By the time he finally got to play football, 8-year-old Roy Lopez had outgrown most of his peers. So the third-grader played with the eighth-graders.
“He was a big boy,” Lopez’s father, also named Roy, said with a laugh.
At 23, the younger Lopez remains larger than the average human being. The defensive tackle will check in at about 6 feet 2 inches and 305 pounds at the Arizona Wildcats’ pro day Wednesday.
But aside from a handful of exceptions, the size differential dissipates the more you advance in the sport. There are a ton of 6-2, 305-pound — or bigger — defensive tackles on NFL rosters.
The question then becomes: How do you separate yourself?
That’s where Lopez’s profile should appeal to NFL suitors.
He has all the prerequisites, including strong college production for a defensive tackle: 154 tackles and 23.5 stops for losses in 44 games at New Mexico State and Arizona. He’s also a coach’s son, a two-time state wrestling champion and a high-character player who has earned the respect of his teammates and coaches.
“He’s a doer,” said his dad, a longtime high school coach who recently took over the program at Mesa Desert Ridge. “He’s not flashy, even though he’s got the flash hair. He’s gonna get (stuff) done.”
Those aren’t just the words of a proud papa. Lopez’s agent, Evan Brennan, had his 2021 draft class take the MindVue psychometric assessment. Per MindVue’s website, the 120-question exam “measures whether a person is feeling self-motivated, disciplined and gritty, capable of adjusting to change and bouncing back from adversity – all while doing so with high levels of integrity.”
Mindful of the possibility that the NFL offseason again would be impacted by COVID-19, potentially limiting opportunities for rookies, Brennan sought a way to quantify his clients’ resiliency and adaptability. Lopez scored in the 93rd percentile, Brennan said.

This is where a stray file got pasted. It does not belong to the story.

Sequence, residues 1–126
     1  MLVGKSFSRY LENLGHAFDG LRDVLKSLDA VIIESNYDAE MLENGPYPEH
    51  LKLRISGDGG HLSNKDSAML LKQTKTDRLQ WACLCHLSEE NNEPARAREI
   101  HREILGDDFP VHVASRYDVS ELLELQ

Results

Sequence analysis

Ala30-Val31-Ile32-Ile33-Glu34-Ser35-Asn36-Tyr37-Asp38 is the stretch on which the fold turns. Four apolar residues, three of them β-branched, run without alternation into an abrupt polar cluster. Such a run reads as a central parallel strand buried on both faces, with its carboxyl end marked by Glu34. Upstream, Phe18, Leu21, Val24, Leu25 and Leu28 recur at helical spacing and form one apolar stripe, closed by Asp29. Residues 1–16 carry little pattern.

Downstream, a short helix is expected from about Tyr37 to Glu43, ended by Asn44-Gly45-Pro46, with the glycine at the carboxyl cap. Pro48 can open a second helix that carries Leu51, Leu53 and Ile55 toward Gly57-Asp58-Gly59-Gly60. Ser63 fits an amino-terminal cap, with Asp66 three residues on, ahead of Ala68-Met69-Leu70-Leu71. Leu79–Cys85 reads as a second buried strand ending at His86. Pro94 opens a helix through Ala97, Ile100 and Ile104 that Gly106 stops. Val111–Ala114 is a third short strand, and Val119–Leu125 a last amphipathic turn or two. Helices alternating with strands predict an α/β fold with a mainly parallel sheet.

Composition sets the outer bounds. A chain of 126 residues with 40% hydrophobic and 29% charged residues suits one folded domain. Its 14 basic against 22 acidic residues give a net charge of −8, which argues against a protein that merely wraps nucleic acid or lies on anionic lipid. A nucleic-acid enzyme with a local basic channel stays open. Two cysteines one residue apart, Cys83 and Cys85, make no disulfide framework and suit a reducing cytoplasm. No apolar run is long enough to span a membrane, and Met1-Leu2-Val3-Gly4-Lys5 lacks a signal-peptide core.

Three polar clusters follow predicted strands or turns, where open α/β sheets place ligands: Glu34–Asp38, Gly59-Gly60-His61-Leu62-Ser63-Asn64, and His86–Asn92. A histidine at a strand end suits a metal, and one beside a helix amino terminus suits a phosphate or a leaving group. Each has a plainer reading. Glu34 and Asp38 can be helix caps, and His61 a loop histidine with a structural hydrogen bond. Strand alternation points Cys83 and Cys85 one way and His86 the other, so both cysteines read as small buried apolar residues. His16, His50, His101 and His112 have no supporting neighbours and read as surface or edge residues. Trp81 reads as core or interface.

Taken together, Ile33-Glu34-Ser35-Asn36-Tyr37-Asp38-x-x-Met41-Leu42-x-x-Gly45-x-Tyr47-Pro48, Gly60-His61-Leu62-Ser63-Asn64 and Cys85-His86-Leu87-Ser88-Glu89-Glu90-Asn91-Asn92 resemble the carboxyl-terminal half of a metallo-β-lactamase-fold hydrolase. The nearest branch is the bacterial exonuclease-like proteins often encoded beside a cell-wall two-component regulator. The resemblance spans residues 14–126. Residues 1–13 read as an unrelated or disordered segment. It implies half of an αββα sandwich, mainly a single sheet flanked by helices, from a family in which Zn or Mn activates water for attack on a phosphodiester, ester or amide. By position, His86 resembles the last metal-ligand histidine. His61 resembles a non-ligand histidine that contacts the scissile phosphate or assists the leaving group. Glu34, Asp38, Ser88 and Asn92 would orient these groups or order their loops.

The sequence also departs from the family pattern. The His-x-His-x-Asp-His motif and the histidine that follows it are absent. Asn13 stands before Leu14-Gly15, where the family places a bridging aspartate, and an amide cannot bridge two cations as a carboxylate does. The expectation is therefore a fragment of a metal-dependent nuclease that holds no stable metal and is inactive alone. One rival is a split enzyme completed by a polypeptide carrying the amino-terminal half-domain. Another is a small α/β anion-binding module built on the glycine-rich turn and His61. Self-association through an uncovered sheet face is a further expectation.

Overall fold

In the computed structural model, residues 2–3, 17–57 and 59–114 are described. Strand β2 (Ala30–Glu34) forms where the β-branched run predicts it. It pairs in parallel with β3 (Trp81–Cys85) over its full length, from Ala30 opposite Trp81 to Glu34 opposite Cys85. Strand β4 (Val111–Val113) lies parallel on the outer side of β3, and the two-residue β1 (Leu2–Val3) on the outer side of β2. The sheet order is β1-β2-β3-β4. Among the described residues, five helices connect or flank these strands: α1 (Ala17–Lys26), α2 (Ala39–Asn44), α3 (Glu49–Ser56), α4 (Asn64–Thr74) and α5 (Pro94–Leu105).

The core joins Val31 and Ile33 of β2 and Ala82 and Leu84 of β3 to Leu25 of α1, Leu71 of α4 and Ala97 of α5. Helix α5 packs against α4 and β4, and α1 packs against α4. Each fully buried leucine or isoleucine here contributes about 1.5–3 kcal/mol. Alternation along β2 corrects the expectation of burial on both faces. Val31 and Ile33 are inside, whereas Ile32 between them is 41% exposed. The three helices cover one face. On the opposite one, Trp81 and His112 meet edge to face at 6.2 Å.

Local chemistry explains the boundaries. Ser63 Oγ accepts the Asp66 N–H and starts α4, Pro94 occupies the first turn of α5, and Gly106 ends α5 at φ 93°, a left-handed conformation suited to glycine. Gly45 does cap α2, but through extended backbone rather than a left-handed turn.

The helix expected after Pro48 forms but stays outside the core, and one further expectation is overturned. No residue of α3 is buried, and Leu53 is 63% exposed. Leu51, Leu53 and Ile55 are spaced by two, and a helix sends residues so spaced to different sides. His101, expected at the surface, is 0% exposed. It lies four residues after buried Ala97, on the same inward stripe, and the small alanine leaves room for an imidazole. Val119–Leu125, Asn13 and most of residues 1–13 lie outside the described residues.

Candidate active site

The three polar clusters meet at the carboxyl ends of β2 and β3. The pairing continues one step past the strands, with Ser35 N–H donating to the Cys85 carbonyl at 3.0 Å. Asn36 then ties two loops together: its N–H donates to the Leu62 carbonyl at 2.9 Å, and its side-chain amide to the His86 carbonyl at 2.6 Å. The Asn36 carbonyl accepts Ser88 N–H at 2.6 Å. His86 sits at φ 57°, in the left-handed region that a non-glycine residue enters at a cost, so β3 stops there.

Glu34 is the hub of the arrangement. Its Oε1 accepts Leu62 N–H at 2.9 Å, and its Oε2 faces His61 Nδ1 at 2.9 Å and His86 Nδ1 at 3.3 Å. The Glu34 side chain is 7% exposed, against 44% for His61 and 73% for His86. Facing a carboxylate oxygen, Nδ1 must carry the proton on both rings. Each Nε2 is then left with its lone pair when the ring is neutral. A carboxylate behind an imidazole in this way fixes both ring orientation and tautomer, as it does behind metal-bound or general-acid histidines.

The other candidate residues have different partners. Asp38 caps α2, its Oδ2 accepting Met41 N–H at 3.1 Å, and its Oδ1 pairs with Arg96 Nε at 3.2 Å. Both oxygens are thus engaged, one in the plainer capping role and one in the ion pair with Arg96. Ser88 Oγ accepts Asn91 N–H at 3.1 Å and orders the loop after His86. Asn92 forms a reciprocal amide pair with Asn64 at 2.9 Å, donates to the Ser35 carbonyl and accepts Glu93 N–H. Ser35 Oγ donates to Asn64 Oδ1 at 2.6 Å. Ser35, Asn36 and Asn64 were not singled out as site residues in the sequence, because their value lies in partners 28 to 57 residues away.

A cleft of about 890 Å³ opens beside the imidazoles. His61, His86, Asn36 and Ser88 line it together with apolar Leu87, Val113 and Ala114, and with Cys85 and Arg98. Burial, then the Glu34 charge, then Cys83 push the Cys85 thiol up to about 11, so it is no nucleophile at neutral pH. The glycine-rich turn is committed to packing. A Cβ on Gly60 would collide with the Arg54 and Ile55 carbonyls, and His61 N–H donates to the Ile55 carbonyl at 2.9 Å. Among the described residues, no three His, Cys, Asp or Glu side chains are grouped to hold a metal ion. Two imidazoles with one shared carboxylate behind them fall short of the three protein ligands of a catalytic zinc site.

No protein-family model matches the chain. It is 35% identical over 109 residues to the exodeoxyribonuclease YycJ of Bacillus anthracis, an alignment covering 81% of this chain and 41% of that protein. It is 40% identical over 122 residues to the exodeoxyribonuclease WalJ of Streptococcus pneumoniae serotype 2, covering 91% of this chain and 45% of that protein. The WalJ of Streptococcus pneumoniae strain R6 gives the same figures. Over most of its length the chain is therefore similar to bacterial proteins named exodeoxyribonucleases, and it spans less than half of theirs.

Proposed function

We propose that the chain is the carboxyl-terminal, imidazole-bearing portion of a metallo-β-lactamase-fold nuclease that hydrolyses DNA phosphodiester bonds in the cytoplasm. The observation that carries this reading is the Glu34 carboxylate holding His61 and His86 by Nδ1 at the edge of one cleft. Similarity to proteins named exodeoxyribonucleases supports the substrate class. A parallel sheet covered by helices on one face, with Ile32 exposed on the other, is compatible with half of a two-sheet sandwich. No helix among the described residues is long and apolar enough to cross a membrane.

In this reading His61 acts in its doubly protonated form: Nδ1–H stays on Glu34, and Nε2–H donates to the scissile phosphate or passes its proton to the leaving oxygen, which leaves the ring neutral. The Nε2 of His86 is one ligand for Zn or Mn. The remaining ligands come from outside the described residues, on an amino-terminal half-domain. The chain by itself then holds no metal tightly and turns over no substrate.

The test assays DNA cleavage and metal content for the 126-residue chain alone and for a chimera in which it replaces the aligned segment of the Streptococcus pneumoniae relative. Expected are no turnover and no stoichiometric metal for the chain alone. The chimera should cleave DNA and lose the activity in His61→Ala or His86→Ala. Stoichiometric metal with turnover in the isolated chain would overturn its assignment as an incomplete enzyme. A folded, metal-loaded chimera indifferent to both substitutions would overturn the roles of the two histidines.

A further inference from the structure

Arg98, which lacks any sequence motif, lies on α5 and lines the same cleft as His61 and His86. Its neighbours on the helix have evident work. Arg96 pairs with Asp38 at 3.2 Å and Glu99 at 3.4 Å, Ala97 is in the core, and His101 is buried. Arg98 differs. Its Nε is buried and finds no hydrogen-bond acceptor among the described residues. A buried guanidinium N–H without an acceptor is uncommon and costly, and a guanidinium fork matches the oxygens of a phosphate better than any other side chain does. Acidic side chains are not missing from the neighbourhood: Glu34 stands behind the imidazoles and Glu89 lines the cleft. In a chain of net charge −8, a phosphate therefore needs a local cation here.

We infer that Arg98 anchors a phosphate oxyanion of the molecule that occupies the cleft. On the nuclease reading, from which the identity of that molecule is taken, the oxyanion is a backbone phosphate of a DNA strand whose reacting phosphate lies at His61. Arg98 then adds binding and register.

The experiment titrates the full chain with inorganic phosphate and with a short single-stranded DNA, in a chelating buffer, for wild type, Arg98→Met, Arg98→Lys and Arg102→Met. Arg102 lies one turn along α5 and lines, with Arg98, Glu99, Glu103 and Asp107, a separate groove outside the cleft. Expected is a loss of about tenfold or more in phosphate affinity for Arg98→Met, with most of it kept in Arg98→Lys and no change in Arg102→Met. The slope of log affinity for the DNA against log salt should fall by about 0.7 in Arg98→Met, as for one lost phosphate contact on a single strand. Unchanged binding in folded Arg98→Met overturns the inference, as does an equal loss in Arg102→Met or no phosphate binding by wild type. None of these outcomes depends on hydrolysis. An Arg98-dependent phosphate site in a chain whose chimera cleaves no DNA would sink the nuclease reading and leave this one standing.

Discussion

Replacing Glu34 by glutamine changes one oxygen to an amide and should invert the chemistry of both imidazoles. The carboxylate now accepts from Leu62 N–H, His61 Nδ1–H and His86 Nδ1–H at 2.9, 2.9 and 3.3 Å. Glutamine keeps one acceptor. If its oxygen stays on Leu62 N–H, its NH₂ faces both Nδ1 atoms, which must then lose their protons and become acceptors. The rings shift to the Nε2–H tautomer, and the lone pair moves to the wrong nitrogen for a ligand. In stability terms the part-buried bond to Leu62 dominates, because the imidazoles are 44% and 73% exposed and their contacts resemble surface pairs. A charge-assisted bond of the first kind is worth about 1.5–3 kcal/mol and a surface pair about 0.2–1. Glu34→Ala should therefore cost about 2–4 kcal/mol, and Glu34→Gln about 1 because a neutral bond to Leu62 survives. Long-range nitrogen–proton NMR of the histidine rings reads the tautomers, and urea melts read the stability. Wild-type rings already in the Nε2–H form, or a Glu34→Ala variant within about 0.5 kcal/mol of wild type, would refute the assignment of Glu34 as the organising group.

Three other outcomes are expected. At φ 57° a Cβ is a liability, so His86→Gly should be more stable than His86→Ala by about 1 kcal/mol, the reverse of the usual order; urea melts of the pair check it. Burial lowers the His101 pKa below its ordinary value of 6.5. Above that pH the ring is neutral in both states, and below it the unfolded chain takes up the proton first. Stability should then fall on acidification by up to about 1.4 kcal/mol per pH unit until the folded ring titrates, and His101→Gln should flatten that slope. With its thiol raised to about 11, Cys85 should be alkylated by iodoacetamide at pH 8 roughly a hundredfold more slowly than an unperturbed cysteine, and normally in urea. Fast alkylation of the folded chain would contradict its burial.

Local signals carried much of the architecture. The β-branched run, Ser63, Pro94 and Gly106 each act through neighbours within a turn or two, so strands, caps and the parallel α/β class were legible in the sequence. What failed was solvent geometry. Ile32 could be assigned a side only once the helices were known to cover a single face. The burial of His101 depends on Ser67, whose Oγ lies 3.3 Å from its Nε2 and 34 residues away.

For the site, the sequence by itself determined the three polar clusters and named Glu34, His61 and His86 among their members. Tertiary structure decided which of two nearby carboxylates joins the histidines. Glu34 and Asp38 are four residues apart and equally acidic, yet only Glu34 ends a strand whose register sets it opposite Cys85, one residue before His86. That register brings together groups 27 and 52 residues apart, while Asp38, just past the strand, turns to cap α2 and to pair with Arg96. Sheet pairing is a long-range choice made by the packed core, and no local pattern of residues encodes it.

The right time
As he explained during his one and only season in Tucson, it was the pandemic that led Lopez to transfer to Arizona. Independent New Mexico State’s schedule was in flux, prompting Lopez to seek a more stable situation. As it turned out, the Aggies didn’t play at all in 2020.
Lopez didn’t get the full experience at the UA. The Wildcats played only five games, and fans weren’t allowed to attend any of them. But Lopez proved he could compete against Power Five competition on a weekly basis.
Lopez recorded 18 tackles, including four TFLs. Pro Football Focus gave him the second-highest grade among interior defensive linemen in the Pac-12.
Lopez could have come back for a sixth collegiate season, but he decided the time was right to pursue a lifelong dream. His age — Lopez will be 24 in August — was among several determining factors.
“It was tough because I felt like I had created some good relationships,” Lopez said. “I didn’t get to play in front of fans. I didn’t get the real, Arizona, full-stadium atmosphere like the other two guys that declared with me did. But I felt like I was ready.”